Nancy Woloch's Chapter 14 "Feminism and Suffrage" Essay

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Nancy Woloch's Chapter 14 "Feminism and Suffrage" (1994, 2nd ed, pp. 326-363) from the general to the specific and back again. Remarkable to me was how three generations (357) of women reacted to a complex and evolving institutional and social environment to adapt and specialize toward the primary goal of woman suffrage. They achieved this core objective by targeting the strongest leverage, from the woman on the street to their male 'representatives' in the state house, "deliberately and collectively" (Woloch 359), and I add 'persistently,' over five decades (355) through changing leadership and constituent characteristics and preferences. Woloch asks what this achievement contributed toward "the overhaul of attitudes demanded in 1848" (359). The result was a model for accomplishing massive structural social change that led directly from Seneca Falls through the labor movement, the Great Society era Civil Rights Movement, to Stonewall and Section 503 of the Civil Rights Act that became the Americans With Disabilities Act the better part of a century later. While white / male groups still dominate all others in earnings and social power today, none of these accomplishments would have been possible without the difficult work these pioneering women sacrificed many lives to accomplish together.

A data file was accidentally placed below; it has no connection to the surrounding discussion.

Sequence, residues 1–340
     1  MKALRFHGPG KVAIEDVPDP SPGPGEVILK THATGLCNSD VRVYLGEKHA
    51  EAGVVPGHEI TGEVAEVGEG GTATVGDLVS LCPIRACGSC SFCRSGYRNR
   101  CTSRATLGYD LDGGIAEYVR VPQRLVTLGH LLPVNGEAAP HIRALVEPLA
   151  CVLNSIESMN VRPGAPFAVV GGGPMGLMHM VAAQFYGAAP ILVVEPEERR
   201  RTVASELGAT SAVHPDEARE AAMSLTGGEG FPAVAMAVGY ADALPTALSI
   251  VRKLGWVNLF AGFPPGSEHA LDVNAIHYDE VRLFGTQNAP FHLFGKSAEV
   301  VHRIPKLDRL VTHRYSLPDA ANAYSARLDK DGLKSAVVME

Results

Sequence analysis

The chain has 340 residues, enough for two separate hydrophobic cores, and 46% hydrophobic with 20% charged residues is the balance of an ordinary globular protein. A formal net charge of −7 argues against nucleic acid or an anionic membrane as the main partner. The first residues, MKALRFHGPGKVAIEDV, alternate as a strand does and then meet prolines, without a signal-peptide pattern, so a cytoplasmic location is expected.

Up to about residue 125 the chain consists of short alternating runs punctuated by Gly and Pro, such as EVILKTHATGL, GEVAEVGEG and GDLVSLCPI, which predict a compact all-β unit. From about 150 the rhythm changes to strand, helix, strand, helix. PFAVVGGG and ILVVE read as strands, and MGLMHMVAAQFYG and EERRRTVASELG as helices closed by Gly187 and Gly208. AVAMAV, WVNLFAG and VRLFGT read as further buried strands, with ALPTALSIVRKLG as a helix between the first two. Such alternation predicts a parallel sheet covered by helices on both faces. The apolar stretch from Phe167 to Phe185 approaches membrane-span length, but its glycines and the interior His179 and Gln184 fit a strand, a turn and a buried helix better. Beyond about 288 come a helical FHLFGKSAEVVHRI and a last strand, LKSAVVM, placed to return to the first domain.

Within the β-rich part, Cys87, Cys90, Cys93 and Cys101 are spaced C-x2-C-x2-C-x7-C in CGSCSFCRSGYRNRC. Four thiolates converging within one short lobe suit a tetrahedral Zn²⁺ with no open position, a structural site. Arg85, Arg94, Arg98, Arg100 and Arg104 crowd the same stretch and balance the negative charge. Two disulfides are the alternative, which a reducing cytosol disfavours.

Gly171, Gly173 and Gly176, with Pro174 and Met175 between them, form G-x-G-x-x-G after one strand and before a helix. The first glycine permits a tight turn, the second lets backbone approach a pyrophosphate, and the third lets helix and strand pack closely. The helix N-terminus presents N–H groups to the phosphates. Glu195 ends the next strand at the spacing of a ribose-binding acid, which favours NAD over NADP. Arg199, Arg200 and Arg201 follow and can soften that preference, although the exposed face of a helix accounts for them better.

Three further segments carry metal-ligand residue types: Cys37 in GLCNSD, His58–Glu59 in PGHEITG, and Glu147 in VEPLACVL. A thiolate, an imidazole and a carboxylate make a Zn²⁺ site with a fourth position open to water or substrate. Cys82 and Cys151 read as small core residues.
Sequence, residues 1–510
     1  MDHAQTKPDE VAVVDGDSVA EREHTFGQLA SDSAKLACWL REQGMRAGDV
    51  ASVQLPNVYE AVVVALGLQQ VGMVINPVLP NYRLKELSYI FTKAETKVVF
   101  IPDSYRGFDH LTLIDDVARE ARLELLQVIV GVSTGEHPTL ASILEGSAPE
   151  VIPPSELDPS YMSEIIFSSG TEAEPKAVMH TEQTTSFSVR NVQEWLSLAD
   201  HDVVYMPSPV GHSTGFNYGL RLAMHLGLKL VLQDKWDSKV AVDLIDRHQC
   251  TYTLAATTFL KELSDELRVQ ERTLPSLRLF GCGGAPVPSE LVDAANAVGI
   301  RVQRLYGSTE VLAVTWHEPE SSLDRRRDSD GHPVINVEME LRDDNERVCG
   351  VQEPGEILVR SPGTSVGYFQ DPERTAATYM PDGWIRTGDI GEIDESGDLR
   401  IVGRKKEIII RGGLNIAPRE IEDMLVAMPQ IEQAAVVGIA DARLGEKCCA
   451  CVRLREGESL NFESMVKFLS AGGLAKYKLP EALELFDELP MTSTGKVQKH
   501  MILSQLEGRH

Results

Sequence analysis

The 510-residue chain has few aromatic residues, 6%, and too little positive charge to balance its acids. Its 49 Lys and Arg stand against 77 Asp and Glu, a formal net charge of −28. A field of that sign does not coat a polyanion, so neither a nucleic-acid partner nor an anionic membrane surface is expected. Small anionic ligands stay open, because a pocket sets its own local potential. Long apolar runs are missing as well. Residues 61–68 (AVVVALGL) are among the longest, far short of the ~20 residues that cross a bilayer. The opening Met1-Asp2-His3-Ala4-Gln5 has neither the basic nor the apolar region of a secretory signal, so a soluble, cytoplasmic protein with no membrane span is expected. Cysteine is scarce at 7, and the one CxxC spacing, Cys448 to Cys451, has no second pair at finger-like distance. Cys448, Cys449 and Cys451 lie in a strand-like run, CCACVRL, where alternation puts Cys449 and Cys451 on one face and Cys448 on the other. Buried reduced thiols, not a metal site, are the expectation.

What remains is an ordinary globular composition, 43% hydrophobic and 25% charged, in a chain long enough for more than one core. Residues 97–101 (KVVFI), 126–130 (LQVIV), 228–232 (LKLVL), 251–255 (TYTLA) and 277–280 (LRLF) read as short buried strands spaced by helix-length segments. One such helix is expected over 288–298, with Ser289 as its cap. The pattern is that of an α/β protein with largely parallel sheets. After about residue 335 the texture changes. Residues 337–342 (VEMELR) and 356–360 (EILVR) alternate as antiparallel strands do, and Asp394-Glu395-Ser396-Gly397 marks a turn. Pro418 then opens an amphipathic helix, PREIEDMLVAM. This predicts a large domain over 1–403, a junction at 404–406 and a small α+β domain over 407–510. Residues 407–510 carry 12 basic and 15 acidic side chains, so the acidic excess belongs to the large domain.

That being said, some of those choices were difficult, and look mercenary, if not hypocritical from the modern viewpoint they laid the foundations for. While selling out the black woman vote (343) probably was harder for some than others, as evidenced by the difference between Susan B. Anthony's attempts at integration (343) all the way through the opposite extreme of NAWSA taking "advantage of racist arguments when they were useful" (343), if we judge them today, it is from the viewpoint they left us, which we may not have without this difficult tactical decision. We can only pay back those generations of black woman now, by recognizing her sacrifice then, and make up for it with unity today.

Likewise an "impressive women's peace movement" widely supported among…

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This all being said, the sacrifices were difficult for some, maybe not for others; the painful decisions seem to have been tactical rather than rejections in principle, and in easier circumstances may have been different. Achieving the vote took partnership and pragmatism, building on the contribution of the English suffrage movement (351) and the struggle for equality going back to the Underground Railroad. Those women hung out a quilt pointing the way to a freedom and equality which, while still persistently elusive today, is far closer for our generation than it was for theirs. What is important now is for feminists of all genders and heritage, not to succumb to illusions "[t]here is nothing for women to rally around" (Anna Shaw, qtd. In Woloch 358). Knowing this story makes our work seem less of a burden than an obligation, if we can finally rise above "the indifference, the inertia, the apathy of women" (Susan B. Anthony, qtd. In Woloch 328) that may be our only remaining obstacle today.


Woloch, Nancy. Women and the American Experience. 2nd ed. New York: McGraw-Hill, 1994.

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